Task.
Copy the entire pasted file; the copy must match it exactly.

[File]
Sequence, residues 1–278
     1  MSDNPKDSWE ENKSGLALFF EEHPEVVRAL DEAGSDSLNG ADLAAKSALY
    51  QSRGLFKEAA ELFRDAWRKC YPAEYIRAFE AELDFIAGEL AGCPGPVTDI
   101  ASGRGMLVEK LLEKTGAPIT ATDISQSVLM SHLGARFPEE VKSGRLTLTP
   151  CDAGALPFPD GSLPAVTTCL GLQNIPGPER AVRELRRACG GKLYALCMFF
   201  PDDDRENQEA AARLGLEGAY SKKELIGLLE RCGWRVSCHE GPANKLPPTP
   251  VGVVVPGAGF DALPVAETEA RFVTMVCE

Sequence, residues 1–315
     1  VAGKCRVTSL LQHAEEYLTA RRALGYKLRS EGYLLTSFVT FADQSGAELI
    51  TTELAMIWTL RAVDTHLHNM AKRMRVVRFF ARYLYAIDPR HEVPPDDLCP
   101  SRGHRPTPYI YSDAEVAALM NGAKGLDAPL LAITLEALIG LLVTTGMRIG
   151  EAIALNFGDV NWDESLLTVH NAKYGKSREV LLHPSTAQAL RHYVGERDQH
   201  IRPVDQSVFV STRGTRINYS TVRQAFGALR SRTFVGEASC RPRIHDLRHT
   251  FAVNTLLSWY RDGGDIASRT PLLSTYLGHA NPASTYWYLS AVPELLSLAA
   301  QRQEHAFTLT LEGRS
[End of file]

Sequence, residues 1–278
     1  MSDNPKDSWE ENKSGLALFF EEHPEVVRAL DEAGSDSLNG ADLAAKSALY
    51  QSRGLFKEAA ELFRDAWRKC YPAEYIRAFE AELDFIAGEL AGCPGPVTDI
   101  ASGRGMLVEK LLEKTGAPIT ATDISQSVLM SHLGARFPEE VKSGRLTLTP
   151  CDAGALPFPD GSLPAVTTCL GLQNIPGPER AVRELRRACG GKLYALCMFF
   201  PDDDRENQEA AARLGLEGAY SKKELIGLLE RCGWRVSCHE GPANKLPPTP
   251  VGVVVPGAGF DALPVAETEA RFVTMVCE

Sequence, residues 1–315
     1  VAGKCRVTSL LQHAEEYLTA RRALGYKLRS EGYLLTSFVT FADQSGAELI
    51  TTELAMIWTL RAVDTHLHNM AKRMRVVRFF ARYLYAIDPR HEVPPDDLCP
   101  SRGHRPTPYI YSDAEVAALM NGAKGLDAPL LAITLEALIG LLVTTGMRIG
   151  EAIALNFGDV NWDESLLTVH NAKYGKSREV LLHPSTAQAL RHYVGERDQH
   201  IRPVDQSVFV STRGTRINYS TVRQAFGALR SRTFVGEASC RPRIHDLRHT
   251  FAVNTLLSWY RDGGDIASRT PLLSTYLGHA NPASTYWYLS AVPELLSLAA
   301  QRQEHAFTLT LEGRS